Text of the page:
School groups can visit when the members are present during a session, to experience the provincial parliament in action from the public gallery. When the members are not sitting, students can view the Legislative Assembly Chamber from just inside the entrance.

Manitoba Assiniboine Park Zoo

The zoo’s education mission is to connect students with nature and to inspire them to be environmental stewards. Programs include, discovering megabats and microbats, as well as the role of zoos in a changing climate.

Legislative Assembly of Manitoba

The Legislative Classroom program teachers students about our democratic process and role play how laws are made in Manitoba. The program combines discussion and interactive, fun games and is open to students in Grades 4 – 12.

Manitoba Opera

Students can attend dress rehearsals at Manitoba Opera. The company also rents out trunks of opera resources to teachers that contain costumes, props, a CD and DVD of the opera, activities, and a study guide. Manitoba Opera also serves Saskatchewan and northwestern Ontario.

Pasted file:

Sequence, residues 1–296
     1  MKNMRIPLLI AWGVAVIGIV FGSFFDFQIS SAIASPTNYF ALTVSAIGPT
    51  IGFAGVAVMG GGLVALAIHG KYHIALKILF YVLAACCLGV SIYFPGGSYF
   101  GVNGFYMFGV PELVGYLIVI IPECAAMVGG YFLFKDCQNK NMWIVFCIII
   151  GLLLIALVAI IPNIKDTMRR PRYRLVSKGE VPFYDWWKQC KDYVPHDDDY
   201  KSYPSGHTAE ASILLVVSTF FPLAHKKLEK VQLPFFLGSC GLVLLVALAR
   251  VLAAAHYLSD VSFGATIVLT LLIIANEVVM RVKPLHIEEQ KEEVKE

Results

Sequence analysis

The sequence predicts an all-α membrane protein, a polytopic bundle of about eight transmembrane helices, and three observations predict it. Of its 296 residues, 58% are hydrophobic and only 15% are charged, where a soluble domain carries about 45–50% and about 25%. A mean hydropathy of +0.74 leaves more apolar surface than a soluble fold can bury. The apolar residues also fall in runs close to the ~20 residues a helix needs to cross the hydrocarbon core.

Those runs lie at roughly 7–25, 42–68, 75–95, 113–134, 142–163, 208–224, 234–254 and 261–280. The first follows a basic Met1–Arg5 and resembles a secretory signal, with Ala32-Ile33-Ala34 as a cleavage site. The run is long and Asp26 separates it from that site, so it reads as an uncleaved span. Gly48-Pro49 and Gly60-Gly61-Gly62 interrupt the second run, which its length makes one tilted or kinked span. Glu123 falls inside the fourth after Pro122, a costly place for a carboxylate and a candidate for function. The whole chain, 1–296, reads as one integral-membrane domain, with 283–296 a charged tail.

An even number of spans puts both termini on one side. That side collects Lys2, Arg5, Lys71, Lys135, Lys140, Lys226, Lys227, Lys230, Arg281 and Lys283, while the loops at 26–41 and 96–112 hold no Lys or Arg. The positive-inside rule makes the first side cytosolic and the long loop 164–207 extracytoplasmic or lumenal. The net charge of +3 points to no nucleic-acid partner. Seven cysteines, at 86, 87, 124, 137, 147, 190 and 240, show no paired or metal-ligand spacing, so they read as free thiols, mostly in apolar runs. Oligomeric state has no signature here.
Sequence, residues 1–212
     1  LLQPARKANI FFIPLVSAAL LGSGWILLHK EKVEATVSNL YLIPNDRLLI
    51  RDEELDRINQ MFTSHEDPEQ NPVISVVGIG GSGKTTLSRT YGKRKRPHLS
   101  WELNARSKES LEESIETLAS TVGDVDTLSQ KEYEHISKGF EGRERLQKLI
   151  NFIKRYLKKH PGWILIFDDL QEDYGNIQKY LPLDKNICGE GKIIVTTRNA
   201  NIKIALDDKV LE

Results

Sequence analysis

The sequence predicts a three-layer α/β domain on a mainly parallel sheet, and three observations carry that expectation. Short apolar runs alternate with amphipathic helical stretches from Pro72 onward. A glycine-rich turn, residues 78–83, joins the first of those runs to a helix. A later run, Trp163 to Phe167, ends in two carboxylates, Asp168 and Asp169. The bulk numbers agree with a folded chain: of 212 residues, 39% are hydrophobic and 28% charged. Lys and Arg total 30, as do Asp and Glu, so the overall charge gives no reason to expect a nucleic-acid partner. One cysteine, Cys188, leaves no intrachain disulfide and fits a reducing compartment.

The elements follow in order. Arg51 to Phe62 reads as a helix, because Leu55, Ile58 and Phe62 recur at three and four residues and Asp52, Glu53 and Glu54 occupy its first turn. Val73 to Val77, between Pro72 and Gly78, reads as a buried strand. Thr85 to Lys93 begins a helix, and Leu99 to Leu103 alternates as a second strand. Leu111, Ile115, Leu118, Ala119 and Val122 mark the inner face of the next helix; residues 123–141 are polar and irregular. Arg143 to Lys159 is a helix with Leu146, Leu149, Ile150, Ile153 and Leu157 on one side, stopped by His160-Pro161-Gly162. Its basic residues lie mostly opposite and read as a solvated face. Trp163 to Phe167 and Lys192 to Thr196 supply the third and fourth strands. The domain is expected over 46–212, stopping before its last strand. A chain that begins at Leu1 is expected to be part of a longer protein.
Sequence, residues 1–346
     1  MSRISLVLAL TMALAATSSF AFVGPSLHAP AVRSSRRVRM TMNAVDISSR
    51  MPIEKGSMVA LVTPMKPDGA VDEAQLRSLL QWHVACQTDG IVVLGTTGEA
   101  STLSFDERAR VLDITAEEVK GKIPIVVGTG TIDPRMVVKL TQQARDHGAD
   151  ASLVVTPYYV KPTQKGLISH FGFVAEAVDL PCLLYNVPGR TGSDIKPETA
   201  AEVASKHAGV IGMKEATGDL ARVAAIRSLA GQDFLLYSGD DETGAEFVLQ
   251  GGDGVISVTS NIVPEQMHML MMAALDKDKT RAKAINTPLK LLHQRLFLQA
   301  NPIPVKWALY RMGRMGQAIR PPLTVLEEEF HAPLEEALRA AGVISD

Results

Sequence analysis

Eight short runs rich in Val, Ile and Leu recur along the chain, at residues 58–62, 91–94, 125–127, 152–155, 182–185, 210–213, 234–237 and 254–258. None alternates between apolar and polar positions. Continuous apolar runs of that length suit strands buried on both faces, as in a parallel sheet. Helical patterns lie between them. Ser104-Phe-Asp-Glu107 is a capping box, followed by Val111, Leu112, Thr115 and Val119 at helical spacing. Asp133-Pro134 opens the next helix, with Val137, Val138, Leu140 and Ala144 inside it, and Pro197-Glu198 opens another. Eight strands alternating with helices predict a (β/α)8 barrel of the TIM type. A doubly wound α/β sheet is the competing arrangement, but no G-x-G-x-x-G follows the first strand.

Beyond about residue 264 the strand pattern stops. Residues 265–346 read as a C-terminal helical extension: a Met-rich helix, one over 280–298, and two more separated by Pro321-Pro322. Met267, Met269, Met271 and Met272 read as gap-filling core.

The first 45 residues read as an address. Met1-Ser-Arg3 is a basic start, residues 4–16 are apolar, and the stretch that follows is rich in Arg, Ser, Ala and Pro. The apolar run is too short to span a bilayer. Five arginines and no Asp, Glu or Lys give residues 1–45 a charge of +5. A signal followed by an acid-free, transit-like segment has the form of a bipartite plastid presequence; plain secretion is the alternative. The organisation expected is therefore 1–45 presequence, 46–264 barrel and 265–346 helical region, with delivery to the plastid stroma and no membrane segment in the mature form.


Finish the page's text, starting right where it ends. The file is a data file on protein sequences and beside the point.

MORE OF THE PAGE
Royal Aviation Museum of Western Canada

Aircraft, artifacts and exhibits are used as teaching tools at this museum. Educational programs include, designing and building an aircraft and become archaeologists by finding, excavating, and preserving plane parts.

Newfoundland House of Assembly of Newfoundland and Labrador

The Speaker’s Outreach Program promotes awareness and understanding of the House of Assembly and the democratic process to students through a non-partisan approach.


North Atlantic Aviation Museum

This museum preserves and presents stories and artifacts highlighting Gander’s role in the development of Trans Atlantic Aviation. Exhibits include, multimedia displays and a new flight simulator. Special admission rate for school group tours.

New Brunswick Legislative Assembly of New Brunswick

School groups can visit the provincial legislature in Fredericton and participate in a custom-tailored tour, according to their studies. They can also meet the member of the Legislative Assembly that represents the school’s area.